Abi Morgan’s new drama exploring modern marriage and divorce for BBC One
Interview with Stephen Mangan
I do have a law degree. The reason I didn’t become a lawyer is because the law is trying to untangle the mess of human interactions and emotions and try and come up with something clear... I want to explore it, not untangle it.Stephen Mangan
Can you introduce us to your character Nathan, where do we meet him at the beginning of the series?
Nathan is a successful barrister specialising in family law, married to Hannah [played by Nicola Walker]. They have children, a lovely house, a very nice life, are both successful. It feels like a marriage of equals of two bright, ambitious, talented people. Everything seems terrific. It doesn’t stay that way.
Nathan’s been happily married to Hannah for a long time, how would you describe their relationship?
It’s a good one. They like each other, they love each other, they find each other attractive. They understand each other, she’s going through a difficult time having left the family law firm but he’s someone she can confide in. The first cloud on the horizon is the fact she’s now going to be working closely with someone they both know very well from their past, who she’s always held a bit of a flame for, Christie.
What’s Nathan’s relationship like with Christie?
Nathan’s always had a sparky competitive relationship with Christie, partly over Hannah, and Nathan was the one who ended up marrying her. Christie is annoyingly good-looking – tall, blond, handsome, smart – but they have a grown-up relationship.
He’s married into the Defoes, how would you describe his role within the Defoe family?
He’s really part of the family. Ruth says ‘we don’t let many people in but we let you in’. He has a great relationship with both the sisters who adore him and he adores them.
Nathan and Hannah find themselves on a case together, can you tell us a bit about that?
Sometimes the law is operating in really interesting and complex areas of human interaction, and Nathan’s brought in to give advice on how a court might view a certain situation. A woman has had her embryos frozen and wants them to be considered as assets within any divorce settlement - Nathan’s brought in to throw some light on what the law might say. We’re dealing with people in often the most distressing times of their lives, divorce is well-known to be an incredibly emotionally-damaging journey to go on. The amount of hate can equal the amount of love you started out with. It’s a very delicate area, and it’s a really interesting area for a drama to be set in. What Abi’s done so brilliantly is combine the drama of the clients with the drama that’s created within the Defoe family, and Hannah and Nathan’s family.
Is the world of divorce law one that you knew much about? Did you do any research?
I do have a law degree. The reason I didn’t become a lawyer is because the law is trying to untangle the mess of human interactions and emotions and try and come up with something clear. To me the mess of human interaction is more interesting – I want to explore it, not untangle it. Family law is a very specific branch that I didn’t know much about. Traditionally it was always seen as the slightly poor relation to other branches of law, but it’s become a huge industry in the last 20 years or so with the rise of divorce and people’s much more complicated financial set ups.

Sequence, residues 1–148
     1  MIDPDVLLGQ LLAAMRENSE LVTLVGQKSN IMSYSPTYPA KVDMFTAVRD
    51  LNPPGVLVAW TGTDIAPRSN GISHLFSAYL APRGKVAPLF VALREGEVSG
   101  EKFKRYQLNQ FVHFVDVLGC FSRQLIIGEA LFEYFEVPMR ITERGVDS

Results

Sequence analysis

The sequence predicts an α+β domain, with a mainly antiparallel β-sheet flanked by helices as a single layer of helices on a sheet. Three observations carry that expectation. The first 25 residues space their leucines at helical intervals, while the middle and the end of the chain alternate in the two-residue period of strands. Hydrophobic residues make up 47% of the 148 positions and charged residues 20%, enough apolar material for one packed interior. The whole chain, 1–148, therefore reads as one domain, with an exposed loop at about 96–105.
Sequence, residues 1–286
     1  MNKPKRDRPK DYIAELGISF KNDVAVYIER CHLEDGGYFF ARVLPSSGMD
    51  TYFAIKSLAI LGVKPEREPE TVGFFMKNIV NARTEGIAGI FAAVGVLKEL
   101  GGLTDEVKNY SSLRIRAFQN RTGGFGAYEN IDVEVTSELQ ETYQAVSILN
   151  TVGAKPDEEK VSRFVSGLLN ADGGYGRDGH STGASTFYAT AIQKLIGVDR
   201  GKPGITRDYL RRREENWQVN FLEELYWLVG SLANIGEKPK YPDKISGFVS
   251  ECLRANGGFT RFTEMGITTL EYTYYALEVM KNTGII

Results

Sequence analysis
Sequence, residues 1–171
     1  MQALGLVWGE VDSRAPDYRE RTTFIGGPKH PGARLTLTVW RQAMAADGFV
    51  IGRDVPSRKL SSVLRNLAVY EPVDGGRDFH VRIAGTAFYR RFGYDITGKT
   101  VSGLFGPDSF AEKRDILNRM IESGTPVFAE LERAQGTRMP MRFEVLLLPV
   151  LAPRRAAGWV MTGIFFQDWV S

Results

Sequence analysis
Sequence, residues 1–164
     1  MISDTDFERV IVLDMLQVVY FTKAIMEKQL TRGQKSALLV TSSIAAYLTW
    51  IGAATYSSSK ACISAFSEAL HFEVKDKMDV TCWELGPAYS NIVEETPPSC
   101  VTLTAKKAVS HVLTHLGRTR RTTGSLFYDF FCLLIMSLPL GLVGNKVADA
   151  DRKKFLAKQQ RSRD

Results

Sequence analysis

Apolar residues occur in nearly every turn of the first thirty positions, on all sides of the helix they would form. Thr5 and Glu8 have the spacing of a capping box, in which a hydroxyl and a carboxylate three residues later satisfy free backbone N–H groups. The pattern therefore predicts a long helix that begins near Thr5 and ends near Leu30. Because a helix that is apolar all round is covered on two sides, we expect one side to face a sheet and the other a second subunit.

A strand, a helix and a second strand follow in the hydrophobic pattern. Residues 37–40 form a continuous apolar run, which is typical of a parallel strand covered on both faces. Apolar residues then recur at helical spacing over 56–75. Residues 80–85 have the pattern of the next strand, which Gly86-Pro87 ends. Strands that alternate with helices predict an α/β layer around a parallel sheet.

As a divorce lawyer you’re dealing with intimate details of people’s relationships and navigating people through a stressful time in their lives – is it a job you could do, do you think?
No, I don’t think I could, it would be very hard not to get emotionally involved in the pain that they’re going through. I don’t know how you keep yourself detached from it. I know talking to barristers about the scenes of bitterness and resentment and anger in those final moments in court, and people screaming at each other in the hallways. No – I don’t think my psyche could take it!
What do you think it is about marriage that still gets people excited, even in this age of divorce?
It’s an expression of hope and optimism, an expression of belief in a good outcome. We have an ability as humans to live with this hope. They’re such beautiful things weddings, two people standing up and saying ‘I’m going to commit myself to you forever’. Marriage, children being born, spring, these are all signs of joy and hope – we prefer to think about things like that than death and decay and divorce!
- Interview with Abi Morgan
- Interview with Nicola Walker
- Interview with Deborah Findlay
- Interview with Annabel Scholey
- Interview with Fiona Button
- Interview with Meera Syal
- Interview with Stephen Mangan
- Interview with Barry Atsma
- Interview with Anthony Head
- Interview with Rudi Dharmalingam
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